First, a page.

The debate over whether or not tech platforms should pay news organizations will get a public forum Friday morning with a much-anticipated hearing from the House Judiciary's antitrust subcommittee.
This is the second in a series from the subcommittee. The first took place at the end of February and looked at the power of major tech companies to serve as gatekeepers for the internet.
The hearings come after a bipartisan report from the House Judiciary Committee, released last year, found that tech companies are harming journalism and, in turn, democracy, by using data collected from readers of online news articles to dominate the digital advertising space, which media companies also rely on.
Since then, the issue of paying publishers for their online content has garnered headlines, as Facebook and Google engaged in a very public battle with the Australian government over a new law that would force tech companies to remunerate media companies.
The tech giants' initial responses were decisive and ultimately unpopular. Google threatened to leave Australia, and Facebook went so far as to cut off 18 million Australian users from sharing or viewing news stories — moves that some saw as big-tech bullying a democracy into getting its way.
The companies have since come to an agreement with the Australian government to compensate news organizations for their content, but the deal remains shaky. Facebook has yet to sign a deal with a single media company, and some publishers report being frozen out of negotiations.
The stand-off in Australia is only the latest example of Big Tech getting pushback from news organizations and the governments that support them. The European Union also passed a directive that would empower member states to force tech companies to pay publishers.
France, meanwhile, negotiated a deal with Google to pay news providers based on daily volume and monthly internet audience — a deal which has already led to payments to publishers.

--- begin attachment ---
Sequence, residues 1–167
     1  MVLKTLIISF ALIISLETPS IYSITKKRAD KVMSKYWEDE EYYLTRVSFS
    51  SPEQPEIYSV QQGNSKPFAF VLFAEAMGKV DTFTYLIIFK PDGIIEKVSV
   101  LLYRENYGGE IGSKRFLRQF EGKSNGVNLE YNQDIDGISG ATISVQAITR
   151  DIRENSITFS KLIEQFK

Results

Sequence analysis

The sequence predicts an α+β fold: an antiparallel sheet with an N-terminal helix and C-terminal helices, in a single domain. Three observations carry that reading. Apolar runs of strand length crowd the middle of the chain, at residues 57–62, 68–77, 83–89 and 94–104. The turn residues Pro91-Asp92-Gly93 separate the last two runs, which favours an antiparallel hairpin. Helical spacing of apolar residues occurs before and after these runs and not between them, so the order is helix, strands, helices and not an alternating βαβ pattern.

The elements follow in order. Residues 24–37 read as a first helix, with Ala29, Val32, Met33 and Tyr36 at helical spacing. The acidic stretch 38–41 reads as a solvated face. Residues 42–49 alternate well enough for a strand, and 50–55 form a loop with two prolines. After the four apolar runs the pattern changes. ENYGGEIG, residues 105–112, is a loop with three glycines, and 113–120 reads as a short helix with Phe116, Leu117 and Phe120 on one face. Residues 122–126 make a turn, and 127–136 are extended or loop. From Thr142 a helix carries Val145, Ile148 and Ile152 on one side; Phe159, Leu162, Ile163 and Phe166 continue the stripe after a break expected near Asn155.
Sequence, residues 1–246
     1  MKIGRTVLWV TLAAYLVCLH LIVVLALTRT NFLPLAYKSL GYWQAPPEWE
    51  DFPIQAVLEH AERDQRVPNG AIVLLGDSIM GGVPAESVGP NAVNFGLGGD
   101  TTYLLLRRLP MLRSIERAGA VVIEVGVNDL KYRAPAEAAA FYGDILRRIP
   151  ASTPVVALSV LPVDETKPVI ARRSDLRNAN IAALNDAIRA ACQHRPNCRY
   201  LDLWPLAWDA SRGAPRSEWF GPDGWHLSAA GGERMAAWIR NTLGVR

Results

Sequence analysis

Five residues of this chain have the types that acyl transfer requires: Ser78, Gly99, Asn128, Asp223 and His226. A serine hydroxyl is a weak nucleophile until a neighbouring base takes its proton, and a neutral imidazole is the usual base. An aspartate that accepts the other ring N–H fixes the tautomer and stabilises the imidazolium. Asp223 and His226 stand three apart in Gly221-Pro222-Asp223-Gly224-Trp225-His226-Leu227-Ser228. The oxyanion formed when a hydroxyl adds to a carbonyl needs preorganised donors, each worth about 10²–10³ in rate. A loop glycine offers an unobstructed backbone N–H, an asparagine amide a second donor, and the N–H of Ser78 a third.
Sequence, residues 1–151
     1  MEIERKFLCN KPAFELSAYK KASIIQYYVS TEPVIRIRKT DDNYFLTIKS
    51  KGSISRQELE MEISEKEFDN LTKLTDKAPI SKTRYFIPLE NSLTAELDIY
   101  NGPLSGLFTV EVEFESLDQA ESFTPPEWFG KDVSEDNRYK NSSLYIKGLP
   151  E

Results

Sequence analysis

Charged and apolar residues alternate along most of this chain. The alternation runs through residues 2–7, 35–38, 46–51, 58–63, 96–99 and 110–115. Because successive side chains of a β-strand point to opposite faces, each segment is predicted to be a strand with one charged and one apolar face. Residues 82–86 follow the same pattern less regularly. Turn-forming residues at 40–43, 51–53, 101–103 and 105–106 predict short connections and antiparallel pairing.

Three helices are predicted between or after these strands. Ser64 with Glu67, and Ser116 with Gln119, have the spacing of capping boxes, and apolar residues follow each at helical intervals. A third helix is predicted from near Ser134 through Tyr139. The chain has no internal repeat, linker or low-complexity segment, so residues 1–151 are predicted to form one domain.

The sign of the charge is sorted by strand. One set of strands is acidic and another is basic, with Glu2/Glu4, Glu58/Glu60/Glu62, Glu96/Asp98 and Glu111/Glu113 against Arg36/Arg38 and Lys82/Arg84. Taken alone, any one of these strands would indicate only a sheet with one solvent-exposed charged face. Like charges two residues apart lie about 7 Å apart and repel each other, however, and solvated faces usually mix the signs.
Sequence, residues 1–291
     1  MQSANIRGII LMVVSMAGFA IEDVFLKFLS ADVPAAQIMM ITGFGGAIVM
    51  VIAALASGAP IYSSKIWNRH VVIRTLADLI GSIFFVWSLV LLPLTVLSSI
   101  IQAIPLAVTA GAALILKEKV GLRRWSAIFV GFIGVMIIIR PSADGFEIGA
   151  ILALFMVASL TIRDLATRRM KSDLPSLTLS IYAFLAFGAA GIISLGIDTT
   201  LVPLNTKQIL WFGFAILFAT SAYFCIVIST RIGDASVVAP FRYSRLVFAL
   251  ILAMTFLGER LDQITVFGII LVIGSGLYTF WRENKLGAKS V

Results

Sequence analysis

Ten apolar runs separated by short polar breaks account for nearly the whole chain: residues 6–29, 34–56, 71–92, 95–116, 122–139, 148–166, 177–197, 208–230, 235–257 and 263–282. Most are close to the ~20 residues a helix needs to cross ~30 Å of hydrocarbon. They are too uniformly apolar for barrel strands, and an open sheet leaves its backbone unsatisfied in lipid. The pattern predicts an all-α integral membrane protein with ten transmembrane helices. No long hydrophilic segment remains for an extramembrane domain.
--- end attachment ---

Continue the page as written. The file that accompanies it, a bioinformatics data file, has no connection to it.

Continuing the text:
In the U.S., media companies have long maintained that Google, Facebook, and Amazon, which now pull in two-thirds of digital ad revenue, don't properly compensate them for their content.
These issues will likely be on the agenda at Friday's hearing, which will feature representatives from seven local TV stations, the New Media Alliance, the National Association of Broadcasters, and the NewsGuild-CWA.
As for tech companies, only one attendee has been confirmed, Microsoft President Brad Smith, who has attended several tech-based hearings in recent months and has expressed support for efforts to get technology giants to pay up.
The executive wrote in a blog post back in February that he supported Australia's new code because it helps "redress the competitive imbalance between the tech sector and an independent press."
"Even more important, the legislation will redress the economic imbalance between technology and journalism by mandating negotiations between these tech gatekeepers and independent news organizations," he wrote. "The goal is to provide the news organizations with compensation for the benefit derived by tech gatekeepers from the inclusion of news content on their platforms."
The hearing will happen against a backdrop of a new bipartisan measure introduced on Wednesday called the Journalism Competition and Preservation Act, which aims to help smaller publications collectively negotiate with tech companies for payment.
"For too long, a handful of dominant tech platforms have unilaterally set policies impeding media outlets' ability to reach audiences, attract advertisers and monetize their news content," said Gordon Smith, president and CEO of the National Association of Broadcasters, in a statement.
"The Journalism Competition and Preservation Act would afford news producers the ability to negotiate a fair return for their local journalism that serves America's communities."
Tune into Cheddar Friday, March 12th starting at 10 a.m. ET for full coverage of the latest hearing.